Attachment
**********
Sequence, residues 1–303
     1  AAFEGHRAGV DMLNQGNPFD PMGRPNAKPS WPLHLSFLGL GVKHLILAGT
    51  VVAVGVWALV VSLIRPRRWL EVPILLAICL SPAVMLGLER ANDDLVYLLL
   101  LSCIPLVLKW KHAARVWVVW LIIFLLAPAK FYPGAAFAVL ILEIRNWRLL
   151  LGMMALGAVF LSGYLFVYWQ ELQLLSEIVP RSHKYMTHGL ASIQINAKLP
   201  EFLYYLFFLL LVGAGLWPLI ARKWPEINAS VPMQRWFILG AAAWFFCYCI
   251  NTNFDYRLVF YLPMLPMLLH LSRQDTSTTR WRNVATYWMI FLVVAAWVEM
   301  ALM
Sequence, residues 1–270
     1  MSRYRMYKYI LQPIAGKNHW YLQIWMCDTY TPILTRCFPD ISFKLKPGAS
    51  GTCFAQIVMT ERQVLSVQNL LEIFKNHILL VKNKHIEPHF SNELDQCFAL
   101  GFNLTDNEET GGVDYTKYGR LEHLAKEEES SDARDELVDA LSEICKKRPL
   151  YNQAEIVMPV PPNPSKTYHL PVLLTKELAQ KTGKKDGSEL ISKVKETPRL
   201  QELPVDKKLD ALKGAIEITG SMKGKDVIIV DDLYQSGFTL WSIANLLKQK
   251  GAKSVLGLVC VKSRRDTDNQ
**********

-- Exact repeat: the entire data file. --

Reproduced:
Sequence, residues 1–303
     1  AAFEGHRAGV DMLNQGNPFD PMGRPNAKPS WPLHLSFLGL GVKHLILAGT
    51  VVAVGVWALV VSLIRPRRWL EVPILLAICL SPAVMLGLER ANDDLVYLLL
   101  LSCIPLVLKW KHAARVWVVW LIIFLLAPAK FYPGAAFAVL ILEIRNWRLL
   151  LGMMALGAVF LSGYLFVYWQ ELQLLSEIVP RSHKYMTHGL ASIQINAKLP
   201  EFLYYLFFLL LVGAGLWPLI ARKWPEINAS VPMQRWFILG AAAWFFCYCI
   251  NTNFDYRLVF YLPMLPMLLH LSRQDTSTTR WRNVATYWMI FLVVAAWVEM
   301  ALM
Sequence, residues 1–270
     1  MSRYRMYKYI LQPIAGKNHW YLQIWMCDTY TPILTRCFPD ISFKLKPGAS
    51  GTCFAQIVMT ERQVLSVQNL LEIFKNHILL VKNKHIEPHF SNELDQCFAL
   101  GFNLTDNEET GGVDYTKYGR LEHLAKEEES SDARDELVDA LSEICKKRPL
   151  YNQAEIVMPV PPNPSKTYHL PVLLTKELAQ KTGKKDGSEL ISKVKETPRL
   201  QELPVDKKLD ALKGAIEITG SMKGKDVIIV DDLYQSGFTL WSIANLLKQK
   251  GAKSVLGLVC VKSRRDTDNQ